Booth, Martin 1944–
Booth, a British poet, journalist, script writer, editor, novelist, and juvenile writer, writes about the relationship of past to present, drawing largely on mythological imagery and symbolism.
[Martin Booth in Coronis espresses a] fondness for the laconic fragment—a device which, enforced in his case by a trick of ritual repetition and a gravely hieratic tone, can become irritating; but otherwise he writes in a quite different vein. For the most part he eschews detailed observation for some attractively off-beat imaginings, where real things become significent in terms of the symbolic roles they play within some ceremony of the imagination. It is not always easy to discriminate in his work between the authentically original and the bizarrely fanciful: some of his images seem to float up fortuitously, others work out an impressively coherent logic of feeling. A mixed volume, in short, with some painfully false notes … and some signs of genuine talent. (p. 1154)
The Times Literary Supplement (© Times Newspapers Ltd. (London) 1973; reproduced from The Times Literary Supplement by permission), October 5, 1973.
[Martin Booth] is far too inclined to settle for easy answers, viz. his imitations of Crow, his intermittent sentimentality, and his rather easy recourse to the imagery of magic. He is one of those who hold the iatric view of poetry, that it exists to resolve the forces of the unconscious…. Booth's work is best when he focuses his style firmly onto the object in view, with certain personal ironies implicit underneath as in 'Whales off Sasketeewan' and 'Direption'. And when he combines his mythological interest with a sense of the present time, rooted both in history and in the galactic dimension, then the writing really does seem to promise something…. (pp. 111-12)
Roger Garfitt, in London Magazine (© London Magazine 1974), August-September, 1974.
D. M. Thomas
[The Knotting Sequence is] rooted in a landscape: the hamlet of Knotting, where [Mr. Booth] lives. The first half of the book explores his feelings towards this landscape through the persona of the hamlet's Anglo-Saxon founder, Cnot….
Cnot is too shadowy a figure, and too limited in metaphor and suggestiveness, to be able to sustain a fairly long sequence with undiminished energy, with the result that some of the poems seem slight affairs; one, for example, is built around a weak pun: "sorrow's/a marriage of/good and/sad he/said …". I am not sorry when Cnot vanishes and Mr. Booth can turn to the living landscape and its seasons, its small births and deaths, and these he describes beautifully, in controlled, strong, haiku-like poems…. [The Knotting Sequence] is a stage in the development of a genuine poet. (p. 66)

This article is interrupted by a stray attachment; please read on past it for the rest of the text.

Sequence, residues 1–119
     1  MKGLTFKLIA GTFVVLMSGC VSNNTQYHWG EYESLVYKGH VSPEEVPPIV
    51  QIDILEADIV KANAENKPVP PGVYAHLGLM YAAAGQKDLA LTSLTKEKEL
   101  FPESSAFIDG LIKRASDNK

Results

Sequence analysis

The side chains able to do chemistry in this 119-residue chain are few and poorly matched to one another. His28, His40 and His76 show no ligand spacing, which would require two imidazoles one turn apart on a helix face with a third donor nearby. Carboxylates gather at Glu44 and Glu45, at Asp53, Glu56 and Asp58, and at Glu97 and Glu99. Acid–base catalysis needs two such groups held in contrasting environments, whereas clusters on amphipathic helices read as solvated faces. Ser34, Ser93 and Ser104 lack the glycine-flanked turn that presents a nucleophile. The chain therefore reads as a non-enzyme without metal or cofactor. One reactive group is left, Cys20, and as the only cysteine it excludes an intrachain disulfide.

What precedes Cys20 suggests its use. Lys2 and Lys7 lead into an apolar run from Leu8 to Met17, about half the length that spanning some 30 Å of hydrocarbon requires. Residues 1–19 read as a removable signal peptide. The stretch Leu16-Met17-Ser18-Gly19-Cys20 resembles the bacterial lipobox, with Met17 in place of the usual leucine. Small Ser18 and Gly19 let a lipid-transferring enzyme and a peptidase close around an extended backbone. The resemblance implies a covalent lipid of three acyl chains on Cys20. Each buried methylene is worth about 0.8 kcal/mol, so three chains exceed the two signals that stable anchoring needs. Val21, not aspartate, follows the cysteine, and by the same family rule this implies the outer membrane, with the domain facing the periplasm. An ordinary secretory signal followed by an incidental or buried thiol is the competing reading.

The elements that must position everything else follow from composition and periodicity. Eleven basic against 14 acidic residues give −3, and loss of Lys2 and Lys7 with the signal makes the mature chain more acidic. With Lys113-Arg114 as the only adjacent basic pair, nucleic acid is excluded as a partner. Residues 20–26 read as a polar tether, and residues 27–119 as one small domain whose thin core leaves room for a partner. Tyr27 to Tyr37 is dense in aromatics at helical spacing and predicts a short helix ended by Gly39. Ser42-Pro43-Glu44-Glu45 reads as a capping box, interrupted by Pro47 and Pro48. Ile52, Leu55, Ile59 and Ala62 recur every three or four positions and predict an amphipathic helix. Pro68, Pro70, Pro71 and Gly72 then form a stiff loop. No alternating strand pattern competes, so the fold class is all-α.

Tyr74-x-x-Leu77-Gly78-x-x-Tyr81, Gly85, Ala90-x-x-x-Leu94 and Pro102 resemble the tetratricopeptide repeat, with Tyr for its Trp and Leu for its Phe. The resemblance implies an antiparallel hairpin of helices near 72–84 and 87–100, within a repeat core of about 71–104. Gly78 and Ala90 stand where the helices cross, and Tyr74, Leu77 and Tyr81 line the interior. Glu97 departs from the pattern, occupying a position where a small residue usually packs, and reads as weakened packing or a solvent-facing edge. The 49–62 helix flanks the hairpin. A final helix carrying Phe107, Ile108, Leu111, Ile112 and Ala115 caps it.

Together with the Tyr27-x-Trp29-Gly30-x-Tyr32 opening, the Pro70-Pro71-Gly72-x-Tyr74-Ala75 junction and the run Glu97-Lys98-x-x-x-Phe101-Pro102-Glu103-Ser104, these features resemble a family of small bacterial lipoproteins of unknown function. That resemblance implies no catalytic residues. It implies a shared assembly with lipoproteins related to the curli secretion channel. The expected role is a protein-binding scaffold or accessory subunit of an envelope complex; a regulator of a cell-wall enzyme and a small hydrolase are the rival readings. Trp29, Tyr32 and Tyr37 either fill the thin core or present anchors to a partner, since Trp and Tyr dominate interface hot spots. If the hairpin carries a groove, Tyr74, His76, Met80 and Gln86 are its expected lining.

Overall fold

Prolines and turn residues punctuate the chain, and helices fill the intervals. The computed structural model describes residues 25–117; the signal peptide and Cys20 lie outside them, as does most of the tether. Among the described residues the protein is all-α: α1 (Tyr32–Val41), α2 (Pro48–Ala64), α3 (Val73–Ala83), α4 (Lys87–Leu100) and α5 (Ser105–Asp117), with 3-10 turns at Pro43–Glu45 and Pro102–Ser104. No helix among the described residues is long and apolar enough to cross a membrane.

D. M. Thomas, in The Times Literary Supplement (© Times Newspapers Ltd. (London) 1978; reproduced from The Times Literary Supplement by permission), January 20, 1978.
Charm is not a quality that Martin Booth's poetry offers nor, I imagine, would he be flattered by any suggestion of its presence there; but … Extending Upon the Kingdom is a vigorous, always interesting collection, and at least half-a-dozen of the poems carry a strong sense of real experience observed with clarity and expressed with force and unwavering truthfulness. (p. 160)
Vernon Scannell, in The Times Literary Supplement (© Times Newspapers Ltd. (London) 1978; reproduced from The Times Literary Supplement by permission), February 10, 1978.
Robert S. Haller
The poems [in The Knotting Sequence] are made up of short lines, reminiscent of haiku …, but the spirit is distinctly Western. A spare diction expresses the mythic consciousness of present-day poets on both sides of the Atlantic, the attempt to find in landscape and daily activities signs of communion with a past still alive and determinate of the present. It would perhaps be more accurate to say that poetry creates the past and brings to life the roots in the ground. The "Guide to the Metaphysical Anatomy of Cnot, son of Kings, Lord and Worshipper" speaks of "winter elms'/shadows cast/by a/full November/moon/the lines/of Cnot's/palms upon/the roadway … no smell/or touch//these few/I'll lend/to you,//forefather Cnot." Such powers as the founder of the village can have are given him by those who see and feel the place as he did.
So brought to life, Cnot's relations with the poet are not always amicable: Booth apologizes (for plantings, trimmings and plowings) and complains (of a twisted lane which still follows a path to avoid Cnot's hovel). And neither Cnot nor his poet settle into a quiet pastoral life: there was bloodshed in Saxon times, and blood shed by hunters in the present. (p. 291)
This dialogue between Cnot and his poet even takes place over the Atlantic. Booth writes to Cnot from New York that he is in "the promised land" where "the houses pile/into the clouds//the cars are/gold and red." Even the sirens weep out sound, and the streets are known to breathe. "ah! says/Cnot, cynic//now tell/me you've/met/god." (p. 292)
Robert S. Haller, "Polishing the Sherds," in Prairie Schooner (© 1978 by University of Nebraska Press; reprinted by permission from Prairie Schooner), Fall, 1978, pp. 291-92.